E-Thesis 43 views 21 downloads
Solar Thermal Dewatering in Faecal Sludge Management / Elinor Winrow
Swansea University Author: Elinor Winrow
PDF | E-Thesis – open access
Copyright: The author, Elinor J. Winrow, 2022.Download (7.02MB)
DOI (Published version): 10.23889/SUthesis.60765
This research project focused on understanding the way in which faecal sludge dries on a material level. Faecal sludge pose’s huge health and environmental problems within the developing world, but by implementing faecal sludge management systems these issues can be reduced. This research is of grea...
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This research project focused on understanding the way in which faecal sludge dries on a material level. Faecal sludge pose’s huge health and environmental problems within the developing world, but by implementing faecal sludge management systems these issues can be reduced. This research is of great importance as understanding the way in which faecal sludge dries can improve the efficiency and effectiveness of new and developed drying techniques. In turn this will mitigate many of the health and environmental issues facing the developing world. The aim of this project was to investigate how faecal sludge dries under differing conditions to help predict how efficiently newly developed drying technologies will work. Faecal sludge from ventilated pit latrines (VIP), urine diversion toilets (UDDT) and anaerobic baffled reactors (ABR) along with fresh faeces (HF) were analysed using both UV-Vis-NIR and STA-FTIR analysis to identify their drying properties. UV-Vis-NIR spectroscopy was used to analyse the reflectance and transmission properties of faecal sludge, identifying how it interacts with the radiation produced from the whole solar spectrum. This allowed the depth of penetration to be identified along with the absorbance potential of each type of faecal sludge. When analysing the whole solar spectrum VIP, UDDT, ABR and HF had a total absorbance 87%, 86%, 85% and 65% respectively, indicating that solar thermal drying was an excellent drying process. To understand the drying trends and energy demand needed to remove moisture from faecal sludge, STA-FTIR was carried out. This demonstrated the variability found within the moisture retention properties of faecal sludge, along with the importance of fully understanding the drying system used to ensure that no energy is wasted within the process. pH and nutrient content were found to play an important role within a faecal sludge ability to dry, meaning that UDDT sludge reached the lowest final moisture content of ~23% due to the removal of nutrients within the urine diversion process, while VIP sludge dried to the lowest moisture content (~8%) due to it having a neutral pH.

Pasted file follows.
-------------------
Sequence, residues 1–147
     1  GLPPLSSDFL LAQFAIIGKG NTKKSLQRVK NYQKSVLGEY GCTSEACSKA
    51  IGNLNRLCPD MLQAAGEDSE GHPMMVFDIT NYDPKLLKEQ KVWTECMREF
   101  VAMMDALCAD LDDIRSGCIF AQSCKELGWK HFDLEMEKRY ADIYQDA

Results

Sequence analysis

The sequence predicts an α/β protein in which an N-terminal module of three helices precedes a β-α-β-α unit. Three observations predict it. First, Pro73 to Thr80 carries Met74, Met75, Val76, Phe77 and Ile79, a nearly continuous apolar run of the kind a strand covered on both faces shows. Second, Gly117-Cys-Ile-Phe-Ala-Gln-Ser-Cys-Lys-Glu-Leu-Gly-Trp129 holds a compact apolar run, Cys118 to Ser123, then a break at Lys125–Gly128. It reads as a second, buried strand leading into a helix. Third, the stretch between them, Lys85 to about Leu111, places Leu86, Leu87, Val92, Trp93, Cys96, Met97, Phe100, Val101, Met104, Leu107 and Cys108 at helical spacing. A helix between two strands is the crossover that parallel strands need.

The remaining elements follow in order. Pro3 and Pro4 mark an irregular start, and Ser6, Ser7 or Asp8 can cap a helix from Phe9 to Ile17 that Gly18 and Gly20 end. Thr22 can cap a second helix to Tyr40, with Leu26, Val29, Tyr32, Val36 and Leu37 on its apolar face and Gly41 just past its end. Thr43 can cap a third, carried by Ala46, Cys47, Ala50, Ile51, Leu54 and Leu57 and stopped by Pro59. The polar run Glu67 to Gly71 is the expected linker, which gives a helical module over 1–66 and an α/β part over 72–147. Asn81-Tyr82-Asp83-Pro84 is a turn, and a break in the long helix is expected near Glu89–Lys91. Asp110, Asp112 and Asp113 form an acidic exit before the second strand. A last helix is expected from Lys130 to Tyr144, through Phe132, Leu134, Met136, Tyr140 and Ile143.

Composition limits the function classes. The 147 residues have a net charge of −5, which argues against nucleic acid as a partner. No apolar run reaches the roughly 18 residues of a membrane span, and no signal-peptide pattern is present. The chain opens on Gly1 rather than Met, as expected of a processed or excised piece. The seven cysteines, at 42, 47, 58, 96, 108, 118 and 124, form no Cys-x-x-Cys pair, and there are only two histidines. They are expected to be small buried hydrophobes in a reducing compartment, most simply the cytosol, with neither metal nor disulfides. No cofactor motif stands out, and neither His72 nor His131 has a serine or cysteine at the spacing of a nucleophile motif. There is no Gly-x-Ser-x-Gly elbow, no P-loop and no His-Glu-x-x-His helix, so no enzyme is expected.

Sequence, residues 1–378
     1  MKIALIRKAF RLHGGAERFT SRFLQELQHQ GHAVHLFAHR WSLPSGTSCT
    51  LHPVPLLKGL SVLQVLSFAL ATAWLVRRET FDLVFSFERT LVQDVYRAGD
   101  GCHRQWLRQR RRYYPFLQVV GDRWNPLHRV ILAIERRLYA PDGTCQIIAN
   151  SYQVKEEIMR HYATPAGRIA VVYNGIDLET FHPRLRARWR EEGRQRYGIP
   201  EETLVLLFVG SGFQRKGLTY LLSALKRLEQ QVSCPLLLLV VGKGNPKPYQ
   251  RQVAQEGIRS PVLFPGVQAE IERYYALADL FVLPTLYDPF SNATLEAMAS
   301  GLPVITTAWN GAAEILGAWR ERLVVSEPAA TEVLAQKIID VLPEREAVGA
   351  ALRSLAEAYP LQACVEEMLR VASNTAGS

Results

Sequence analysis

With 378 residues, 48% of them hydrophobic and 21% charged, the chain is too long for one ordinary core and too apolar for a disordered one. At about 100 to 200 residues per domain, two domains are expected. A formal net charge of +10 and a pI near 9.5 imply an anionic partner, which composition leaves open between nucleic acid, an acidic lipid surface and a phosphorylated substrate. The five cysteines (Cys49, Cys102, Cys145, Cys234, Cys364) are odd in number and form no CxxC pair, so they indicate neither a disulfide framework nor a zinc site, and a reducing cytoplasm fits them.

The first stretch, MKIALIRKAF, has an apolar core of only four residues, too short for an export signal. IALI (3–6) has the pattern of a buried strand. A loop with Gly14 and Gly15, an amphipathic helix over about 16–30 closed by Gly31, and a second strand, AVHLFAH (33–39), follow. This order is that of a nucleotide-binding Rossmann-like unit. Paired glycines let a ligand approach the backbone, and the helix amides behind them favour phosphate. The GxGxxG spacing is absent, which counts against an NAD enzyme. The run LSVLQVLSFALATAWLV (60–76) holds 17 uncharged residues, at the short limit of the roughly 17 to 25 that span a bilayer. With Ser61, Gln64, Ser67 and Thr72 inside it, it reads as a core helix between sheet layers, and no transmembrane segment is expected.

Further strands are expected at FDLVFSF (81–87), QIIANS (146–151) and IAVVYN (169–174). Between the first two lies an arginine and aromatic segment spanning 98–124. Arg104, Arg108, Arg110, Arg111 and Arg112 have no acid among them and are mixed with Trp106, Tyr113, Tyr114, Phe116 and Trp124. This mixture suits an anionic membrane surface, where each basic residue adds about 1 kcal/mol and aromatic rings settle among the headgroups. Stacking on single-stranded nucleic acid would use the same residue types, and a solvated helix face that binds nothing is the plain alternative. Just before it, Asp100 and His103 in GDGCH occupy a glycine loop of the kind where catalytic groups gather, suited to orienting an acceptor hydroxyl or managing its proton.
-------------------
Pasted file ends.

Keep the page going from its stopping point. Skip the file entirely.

ORCiD identifier: https://orcid.org/0000-0003-0859-8564
Faecal Sludge, UV-Vis-NIR, STA, Drying
College of Engineering